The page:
CONCLUSIONS

    In this paper, an overview is presented of power quality issues seen from the ship power system point of view considering the forthcoming complete electrification of all systems onboard (All Electric Ship). Thus, the different aspects (origin, characteristics, effect on loads, characterisation methods) of several power quality phenomena are summarised.

    Furthermore, two topics with power quality implications are identified : voltage quality problems due to pulsed loads (which impose significant stress on the power system) and leakage capacitive currents (a distinctive characteristic of ships with particular effect on personnel safety, short-circuit faults, harmonic distortion, transients and EMC).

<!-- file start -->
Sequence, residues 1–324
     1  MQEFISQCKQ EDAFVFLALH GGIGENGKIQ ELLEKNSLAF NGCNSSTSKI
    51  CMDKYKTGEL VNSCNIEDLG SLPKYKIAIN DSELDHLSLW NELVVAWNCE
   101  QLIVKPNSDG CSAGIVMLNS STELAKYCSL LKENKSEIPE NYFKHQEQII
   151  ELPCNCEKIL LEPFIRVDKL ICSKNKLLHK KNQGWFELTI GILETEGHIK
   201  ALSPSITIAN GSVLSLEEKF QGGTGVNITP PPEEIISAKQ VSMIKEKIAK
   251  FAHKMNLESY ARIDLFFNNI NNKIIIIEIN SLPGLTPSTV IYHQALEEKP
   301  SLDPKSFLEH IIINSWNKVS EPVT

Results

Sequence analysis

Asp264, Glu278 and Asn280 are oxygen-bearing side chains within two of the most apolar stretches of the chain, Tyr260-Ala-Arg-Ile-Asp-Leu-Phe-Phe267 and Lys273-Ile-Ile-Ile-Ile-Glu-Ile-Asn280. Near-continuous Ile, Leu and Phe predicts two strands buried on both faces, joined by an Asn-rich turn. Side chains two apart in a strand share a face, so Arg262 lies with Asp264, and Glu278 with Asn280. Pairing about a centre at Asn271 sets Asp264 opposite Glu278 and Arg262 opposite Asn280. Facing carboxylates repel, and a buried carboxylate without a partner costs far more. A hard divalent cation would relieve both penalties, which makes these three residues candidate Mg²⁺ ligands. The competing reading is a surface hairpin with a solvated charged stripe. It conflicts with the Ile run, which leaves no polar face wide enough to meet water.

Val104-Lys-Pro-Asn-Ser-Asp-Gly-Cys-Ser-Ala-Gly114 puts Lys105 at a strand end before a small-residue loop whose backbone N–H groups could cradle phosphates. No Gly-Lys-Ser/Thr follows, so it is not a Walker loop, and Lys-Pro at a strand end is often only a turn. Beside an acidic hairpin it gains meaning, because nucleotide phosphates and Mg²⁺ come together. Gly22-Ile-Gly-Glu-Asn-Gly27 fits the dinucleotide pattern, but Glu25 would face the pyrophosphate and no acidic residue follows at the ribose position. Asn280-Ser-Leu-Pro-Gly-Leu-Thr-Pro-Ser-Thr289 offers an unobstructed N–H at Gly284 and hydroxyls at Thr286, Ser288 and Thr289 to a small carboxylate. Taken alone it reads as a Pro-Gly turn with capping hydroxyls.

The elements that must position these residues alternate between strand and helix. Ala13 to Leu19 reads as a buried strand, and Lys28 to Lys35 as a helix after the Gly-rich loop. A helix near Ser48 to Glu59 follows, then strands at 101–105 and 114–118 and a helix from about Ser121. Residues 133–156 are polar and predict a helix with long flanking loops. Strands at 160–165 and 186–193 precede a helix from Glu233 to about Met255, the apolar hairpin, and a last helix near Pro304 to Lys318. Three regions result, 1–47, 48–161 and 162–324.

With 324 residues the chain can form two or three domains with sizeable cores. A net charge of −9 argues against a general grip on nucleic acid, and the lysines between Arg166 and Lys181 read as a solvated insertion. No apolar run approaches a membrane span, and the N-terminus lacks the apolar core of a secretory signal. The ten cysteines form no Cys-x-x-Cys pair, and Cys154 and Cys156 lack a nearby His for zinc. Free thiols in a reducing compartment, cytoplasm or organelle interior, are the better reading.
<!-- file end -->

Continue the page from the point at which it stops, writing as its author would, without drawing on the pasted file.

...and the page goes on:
Power quality is a factor of increasing importance on the design and operation of naval electrical power system. The increasing needs of modern ships (advanced propulsion systems, modern onboard weapons etc) require studies with respect to the distinctive characteristics of ships and measurements surveys to depict power quality on existing systems.